The government has announced a number of major post-Budget initiatives to kick-start the economy and to accelerate growth. In the last month or so, there have been announced a number of tax reliefs and concessions, followed by liberalisation of Foreign Direct Investment (FDI) policy in key sectors, merger of public sector banks, and the big one—sweeping and unprecedented corporate tax rate cuts.
These will all have an impact. Will they be enough? Can and should more be done? To rebuild growth, the reforms momentum must keep going. There are at least five big reforms that need doing, can quickly get-off the ground, and which will have lasting positive effects on growth.
The first is divestment of public enterprises. This is indeed a logical follow up of the corporate tax reforms, and can have a similar impact on sentiment. Disinvestment, sell-offs, asset monetisation and closure of public sector enterprises are all actions crying to be done. Despite being talked about a lot, these haven’t yet got going.
The beauty is that the preparatory work is mostly done. The blueprints are ready. Even for something like outright closure, which governments usually shy away from, a successful model was developed in the last term of this government. I have written about this model in these columns. Action on these fronts is eminently possible. Just the decision to get going is needed.
The second, and arguably even more important reform needed is the liberalization of agricultural markets. Agriculture has escaped reform all these years, and is stuck in a low-growth equilibrium. This needs change, and reform needs to be broad-based. With liberalization, farm efficiencies would go up. Farmers with marketable surplus will get better prices for their produce. The benefits would go deep.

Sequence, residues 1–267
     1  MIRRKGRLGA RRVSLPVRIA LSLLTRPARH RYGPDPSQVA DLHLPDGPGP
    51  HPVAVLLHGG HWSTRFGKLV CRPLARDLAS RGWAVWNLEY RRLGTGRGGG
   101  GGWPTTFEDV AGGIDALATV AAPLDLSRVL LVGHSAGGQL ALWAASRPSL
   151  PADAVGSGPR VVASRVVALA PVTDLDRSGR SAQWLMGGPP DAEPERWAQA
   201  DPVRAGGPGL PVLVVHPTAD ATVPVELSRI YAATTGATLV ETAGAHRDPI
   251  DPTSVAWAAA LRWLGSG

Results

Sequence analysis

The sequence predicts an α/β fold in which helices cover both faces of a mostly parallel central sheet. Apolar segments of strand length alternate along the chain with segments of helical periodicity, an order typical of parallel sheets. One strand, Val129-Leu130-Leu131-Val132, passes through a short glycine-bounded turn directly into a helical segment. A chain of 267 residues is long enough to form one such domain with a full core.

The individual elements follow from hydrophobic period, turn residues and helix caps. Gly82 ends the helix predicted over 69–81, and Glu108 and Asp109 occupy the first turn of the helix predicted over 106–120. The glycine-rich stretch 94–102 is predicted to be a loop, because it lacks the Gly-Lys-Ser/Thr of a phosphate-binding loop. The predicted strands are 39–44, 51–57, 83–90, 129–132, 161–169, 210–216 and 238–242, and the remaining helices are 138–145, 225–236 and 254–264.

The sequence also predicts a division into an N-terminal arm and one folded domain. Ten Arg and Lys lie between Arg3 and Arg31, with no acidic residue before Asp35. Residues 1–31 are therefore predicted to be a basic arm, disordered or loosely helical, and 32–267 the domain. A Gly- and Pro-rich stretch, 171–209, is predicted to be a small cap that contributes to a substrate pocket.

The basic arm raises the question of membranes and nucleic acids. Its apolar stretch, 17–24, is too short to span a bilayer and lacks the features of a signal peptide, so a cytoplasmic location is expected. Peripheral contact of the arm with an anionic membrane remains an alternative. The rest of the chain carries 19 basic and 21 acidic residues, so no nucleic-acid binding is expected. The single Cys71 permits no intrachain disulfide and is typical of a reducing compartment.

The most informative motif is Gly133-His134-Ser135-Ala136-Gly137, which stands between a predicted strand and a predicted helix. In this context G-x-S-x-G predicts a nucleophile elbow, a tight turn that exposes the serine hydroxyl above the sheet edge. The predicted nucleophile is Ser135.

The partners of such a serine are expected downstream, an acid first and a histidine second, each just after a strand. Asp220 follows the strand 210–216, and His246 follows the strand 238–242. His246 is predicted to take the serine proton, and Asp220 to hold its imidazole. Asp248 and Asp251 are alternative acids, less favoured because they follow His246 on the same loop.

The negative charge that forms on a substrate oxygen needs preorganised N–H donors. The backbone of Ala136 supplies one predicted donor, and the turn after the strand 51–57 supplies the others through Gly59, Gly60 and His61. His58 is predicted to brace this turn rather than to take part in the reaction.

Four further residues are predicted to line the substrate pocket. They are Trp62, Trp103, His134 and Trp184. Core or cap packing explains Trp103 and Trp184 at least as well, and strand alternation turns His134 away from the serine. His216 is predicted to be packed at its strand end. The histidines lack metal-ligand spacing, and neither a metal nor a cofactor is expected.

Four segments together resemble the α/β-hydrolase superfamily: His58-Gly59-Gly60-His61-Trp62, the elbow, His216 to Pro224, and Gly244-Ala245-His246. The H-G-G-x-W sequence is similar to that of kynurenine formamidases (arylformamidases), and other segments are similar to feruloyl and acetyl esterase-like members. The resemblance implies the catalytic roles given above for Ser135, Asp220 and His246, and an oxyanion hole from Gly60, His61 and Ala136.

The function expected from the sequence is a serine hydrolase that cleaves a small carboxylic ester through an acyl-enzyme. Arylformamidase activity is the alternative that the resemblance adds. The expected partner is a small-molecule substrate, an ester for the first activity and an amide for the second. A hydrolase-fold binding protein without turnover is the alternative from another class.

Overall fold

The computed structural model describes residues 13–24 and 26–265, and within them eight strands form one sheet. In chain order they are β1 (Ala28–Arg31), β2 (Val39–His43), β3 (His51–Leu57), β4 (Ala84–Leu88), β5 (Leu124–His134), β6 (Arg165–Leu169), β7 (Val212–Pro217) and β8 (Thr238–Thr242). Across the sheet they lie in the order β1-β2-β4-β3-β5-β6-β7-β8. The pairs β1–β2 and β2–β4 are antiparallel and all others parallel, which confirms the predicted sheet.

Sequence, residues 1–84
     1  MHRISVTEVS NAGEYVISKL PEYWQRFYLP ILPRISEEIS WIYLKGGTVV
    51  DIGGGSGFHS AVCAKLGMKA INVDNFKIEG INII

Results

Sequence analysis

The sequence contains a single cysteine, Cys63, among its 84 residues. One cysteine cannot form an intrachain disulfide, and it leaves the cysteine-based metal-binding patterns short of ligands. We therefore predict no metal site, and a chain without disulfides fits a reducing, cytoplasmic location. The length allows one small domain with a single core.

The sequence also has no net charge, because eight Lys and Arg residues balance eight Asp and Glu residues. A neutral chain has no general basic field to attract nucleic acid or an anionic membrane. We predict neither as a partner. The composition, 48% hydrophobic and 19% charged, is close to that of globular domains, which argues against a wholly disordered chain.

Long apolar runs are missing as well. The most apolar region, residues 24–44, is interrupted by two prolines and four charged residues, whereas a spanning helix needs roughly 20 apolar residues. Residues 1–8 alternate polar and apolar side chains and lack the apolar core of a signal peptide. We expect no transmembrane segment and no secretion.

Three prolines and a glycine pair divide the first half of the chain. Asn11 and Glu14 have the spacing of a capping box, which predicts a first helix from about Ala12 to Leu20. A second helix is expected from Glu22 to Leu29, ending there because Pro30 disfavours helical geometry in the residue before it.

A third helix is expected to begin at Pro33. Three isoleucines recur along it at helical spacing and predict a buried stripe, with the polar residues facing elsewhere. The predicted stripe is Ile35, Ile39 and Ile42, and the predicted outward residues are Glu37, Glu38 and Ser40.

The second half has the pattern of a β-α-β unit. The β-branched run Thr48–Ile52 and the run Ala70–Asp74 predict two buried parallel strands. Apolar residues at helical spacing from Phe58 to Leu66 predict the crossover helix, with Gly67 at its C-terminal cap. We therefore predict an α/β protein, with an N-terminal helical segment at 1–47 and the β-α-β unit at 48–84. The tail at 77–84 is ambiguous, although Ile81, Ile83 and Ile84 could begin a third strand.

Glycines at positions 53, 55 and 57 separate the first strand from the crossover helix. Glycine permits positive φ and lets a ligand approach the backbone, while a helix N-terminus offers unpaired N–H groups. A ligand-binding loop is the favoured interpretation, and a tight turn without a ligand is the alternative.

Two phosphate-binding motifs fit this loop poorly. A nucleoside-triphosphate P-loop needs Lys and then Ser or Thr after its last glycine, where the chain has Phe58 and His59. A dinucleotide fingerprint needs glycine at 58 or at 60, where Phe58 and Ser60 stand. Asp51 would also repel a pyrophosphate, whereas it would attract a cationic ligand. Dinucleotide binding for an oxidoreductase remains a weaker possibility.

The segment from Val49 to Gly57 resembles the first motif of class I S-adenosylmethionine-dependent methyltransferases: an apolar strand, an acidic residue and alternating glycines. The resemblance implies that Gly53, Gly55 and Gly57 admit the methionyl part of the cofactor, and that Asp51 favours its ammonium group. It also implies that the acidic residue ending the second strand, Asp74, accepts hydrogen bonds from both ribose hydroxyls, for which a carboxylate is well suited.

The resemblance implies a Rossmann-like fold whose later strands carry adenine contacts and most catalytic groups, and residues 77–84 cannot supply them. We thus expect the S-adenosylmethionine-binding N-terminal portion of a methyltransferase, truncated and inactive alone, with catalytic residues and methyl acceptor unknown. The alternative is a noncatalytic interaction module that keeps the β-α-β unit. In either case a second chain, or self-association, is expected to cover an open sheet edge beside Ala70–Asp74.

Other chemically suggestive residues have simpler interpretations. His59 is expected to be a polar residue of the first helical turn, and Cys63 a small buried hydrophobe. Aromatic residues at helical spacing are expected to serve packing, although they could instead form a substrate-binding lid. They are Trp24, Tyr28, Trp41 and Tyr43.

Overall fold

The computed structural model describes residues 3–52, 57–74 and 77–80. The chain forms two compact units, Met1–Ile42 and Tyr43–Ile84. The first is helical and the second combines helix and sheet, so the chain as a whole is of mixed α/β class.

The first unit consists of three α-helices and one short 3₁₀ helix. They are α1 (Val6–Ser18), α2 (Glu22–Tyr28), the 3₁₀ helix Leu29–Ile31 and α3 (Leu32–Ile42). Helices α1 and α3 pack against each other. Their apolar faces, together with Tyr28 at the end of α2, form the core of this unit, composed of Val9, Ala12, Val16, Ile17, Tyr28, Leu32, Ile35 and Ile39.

Again, a lot of groundwork has been done. In its last term, the government had finalised and circulated two model Acts—the Agriculture Produce and Livestock marketing Act, 2017 and the Agriculture Produce and Livestock Contract Farming and Services Act, 2018. A committee of chief ministers has been set up to examine these further. There is also a Model Land Lease Act, 2016 under consideration. These legislations have enough firepower to kick-start the agricultural economy, and their implementation must be pushed.
Such reforms should be a no-brainer. But the potential losers from reform are the lobbies, often backed by political parties, who currently control agricultural markets. These have to be overcome.
The third big one is labour reforms. Here too, all the homework has been done in the last two years with four new labour codes being proposed to replace 44 labour laws. These new codes are expected to facilitate the ease of doing business. More significantly, the new laws will benefit the large unorganized sector, which as per the latest Economic Survey, consists of about 93% of workers. Opposition comes from powerful organized sector labour unions, both from the left and the right. Their turf, we must remember, consists of the more privileged 7% of the workforce! Government has to throw its weight behind its own reform agenda, for the larger good.